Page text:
Cicero's writings were known during the Middle Ages and Renaissance. The Verrine orations became a staple of early travelers of the 16th century, particularly those who went to Sicily. (19) In his work published in 1553, international law commentator Jacob Przyluski stated that works of a religious, literary, or artistic nature should be protected. (20) Justin Gentilis, writing at the end of the 17th century, held a similar view, (21) and the Peace of Westphalia of 1648 included provisions for the restitution of cultural objects. (22) On the other hand, the legal right to claim prizes was perpetuated by the founder of modern international law, Hugo Grotius, writing in the early and mid-17th century. (23)
In 1758, the Swiss jurist Emmerich de Vattel drew a distinction between cultural objects and legitimate war booty. (24) By the end of the 18th century, Edmund Burke referred to Cicero's prosecution of Verres as an example of an attempt to eradicate greed and corruption. (25) It can be assumed that the British elite was familiar with the Verres prosecution; echoes of it may also be found in Byron's campaign against Elgin's taking of the Parthenon sculptures and their subsequent purchase by Parliament for the British Museum. (26)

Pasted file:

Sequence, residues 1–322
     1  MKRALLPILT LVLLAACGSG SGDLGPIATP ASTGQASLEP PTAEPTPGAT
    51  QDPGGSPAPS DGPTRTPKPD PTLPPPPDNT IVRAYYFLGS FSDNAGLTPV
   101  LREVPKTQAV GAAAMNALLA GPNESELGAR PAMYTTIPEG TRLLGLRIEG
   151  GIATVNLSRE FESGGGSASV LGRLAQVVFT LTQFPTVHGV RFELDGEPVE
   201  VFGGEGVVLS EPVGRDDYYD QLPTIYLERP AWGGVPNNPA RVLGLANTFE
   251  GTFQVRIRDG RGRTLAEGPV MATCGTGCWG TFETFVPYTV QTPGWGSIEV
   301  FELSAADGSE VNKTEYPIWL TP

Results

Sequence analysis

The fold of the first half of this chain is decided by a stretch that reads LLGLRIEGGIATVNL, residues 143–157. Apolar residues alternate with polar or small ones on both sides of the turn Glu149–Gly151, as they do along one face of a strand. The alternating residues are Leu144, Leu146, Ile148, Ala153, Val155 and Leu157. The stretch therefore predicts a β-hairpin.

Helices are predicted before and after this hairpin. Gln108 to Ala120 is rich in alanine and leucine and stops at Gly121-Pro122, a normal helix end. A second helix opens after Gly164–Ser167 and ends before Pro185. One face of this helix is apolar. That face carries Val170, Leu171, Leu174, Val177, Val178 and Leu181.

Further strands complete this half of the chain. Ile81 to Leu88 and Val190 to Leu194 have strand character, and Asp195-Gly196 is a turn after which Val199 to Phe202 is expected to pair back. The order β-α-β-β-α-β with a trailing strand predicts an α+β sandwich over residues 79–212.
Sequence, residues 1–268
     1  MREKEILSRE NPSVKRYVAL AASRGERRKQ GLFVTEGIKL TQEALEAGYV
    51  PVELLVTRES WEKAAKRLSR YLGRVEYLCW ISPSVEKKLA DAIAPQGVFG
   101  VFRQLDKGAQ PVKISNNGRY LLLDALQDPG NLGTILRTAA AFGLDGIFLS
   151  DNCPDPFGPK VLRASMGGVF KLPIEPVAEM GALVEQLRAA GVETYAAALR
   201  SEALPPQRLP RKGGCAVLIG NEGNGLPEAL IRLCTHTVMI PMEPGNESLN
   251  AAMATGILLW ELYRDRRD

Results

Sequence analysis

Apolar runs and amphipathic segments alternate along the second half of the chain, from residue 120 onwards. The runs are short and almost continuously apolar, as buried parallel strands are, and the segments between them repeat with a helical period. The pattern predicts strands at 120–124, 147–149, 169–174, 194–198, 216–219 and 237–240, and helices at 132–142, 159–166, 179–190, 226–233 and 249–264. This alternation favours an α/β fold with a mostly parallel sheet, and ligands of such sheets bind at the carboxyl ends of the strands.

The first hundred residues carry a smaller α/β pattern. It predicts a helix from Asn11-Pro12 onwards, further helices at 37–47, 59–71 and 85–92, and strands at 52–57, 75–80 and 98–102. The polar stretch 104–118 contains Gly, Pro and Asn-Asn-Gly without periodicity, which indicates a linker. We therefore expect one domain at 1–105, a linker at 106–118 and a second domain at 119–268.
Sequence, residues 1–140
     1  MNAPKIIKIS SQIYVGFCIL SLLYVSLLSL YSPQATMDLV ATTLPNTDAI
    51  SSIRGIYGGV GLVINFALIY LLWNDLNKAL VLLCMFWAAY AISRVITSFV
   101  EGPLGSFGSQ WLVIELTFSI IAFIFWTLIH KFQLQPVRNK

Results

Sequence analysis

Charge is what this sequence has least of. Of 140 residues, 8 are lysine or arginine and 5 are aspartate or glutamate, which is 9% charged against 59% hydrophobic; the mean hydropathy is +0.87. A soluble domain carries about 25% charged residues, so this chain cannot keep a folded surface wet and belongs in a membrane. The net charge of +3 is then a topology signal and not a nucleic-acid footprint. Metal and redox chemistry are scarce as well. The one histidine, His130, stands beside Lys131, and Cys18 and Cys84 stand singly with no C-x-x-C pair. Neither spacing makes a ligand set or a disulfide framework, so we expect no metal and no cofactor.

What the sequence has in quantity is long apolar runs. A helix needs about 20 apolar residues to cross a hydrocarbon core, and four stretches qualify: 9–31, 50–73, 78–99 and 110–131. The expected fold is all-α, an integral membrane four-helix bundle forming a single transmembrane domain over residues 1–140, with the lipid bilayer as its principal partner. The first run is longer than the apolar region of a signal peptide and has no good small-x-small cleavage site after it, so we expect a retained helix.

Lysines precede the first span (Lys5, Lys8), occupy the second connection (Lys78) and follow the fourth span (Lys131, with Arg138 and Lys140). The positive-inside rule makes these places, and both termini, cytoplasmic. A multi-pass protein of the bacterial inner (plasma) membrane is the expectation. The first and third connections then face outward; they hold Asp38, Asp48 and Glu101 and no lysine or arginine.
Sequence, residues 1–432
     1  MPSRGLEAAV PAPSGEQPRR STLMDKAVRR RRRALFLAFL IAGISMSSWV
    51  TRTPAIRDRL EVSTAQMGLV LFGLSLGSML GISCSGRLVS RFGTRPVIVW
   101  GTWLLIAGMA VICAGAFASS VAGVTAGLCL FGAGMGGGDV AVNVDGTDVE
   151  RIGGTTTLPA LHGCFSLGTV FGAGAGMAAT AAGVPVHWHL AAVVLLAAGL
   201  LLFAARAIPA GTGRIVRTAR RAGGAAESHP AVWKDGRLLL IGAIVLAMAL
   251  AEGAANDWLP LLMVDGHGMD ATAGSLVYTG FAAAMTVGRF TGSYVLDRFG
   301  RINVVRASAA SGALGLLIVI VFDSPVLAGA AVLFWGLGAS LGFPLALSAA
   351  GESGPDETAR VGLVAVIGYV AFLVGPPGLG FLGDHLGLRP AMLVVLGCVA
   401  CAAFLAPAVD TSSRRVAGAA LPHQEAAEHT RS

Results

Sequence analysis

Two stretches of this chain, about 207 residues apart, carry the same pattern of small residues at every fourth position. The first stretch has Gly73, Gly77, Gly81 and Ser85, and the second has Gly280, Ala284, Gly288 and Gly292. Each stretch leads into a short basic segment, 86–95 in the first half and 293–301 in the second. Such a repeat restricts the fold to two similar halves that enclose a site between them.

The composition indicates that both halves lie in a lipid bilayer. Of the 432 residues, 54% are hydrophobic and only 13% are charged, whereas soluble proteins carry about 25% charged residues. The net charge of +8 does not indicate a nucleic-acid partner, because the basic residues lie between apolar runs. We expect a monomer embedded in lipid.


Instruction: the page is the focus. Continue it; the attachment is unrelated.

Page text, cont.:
The modern history of the treatment of cultural objects can be traced to the Napoleonic wars and their aftermath. Napoleon adopted a new justification for his widespread usurpation of works of art from throughout Europe in contrast to earlier appropriations of artistic and cultural objects as the spoils of war. In pursuit of his dream of re-creating Paris as the "new Rome," (27) Napoleon moved Italian and Roman art works, including the...
From Bamiyan to Baghdad: warfare and the preservation of cultural heritage at the beginning of the 21st century.
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COPYRIGHT GALE, Cengage Learning. All rights reserved.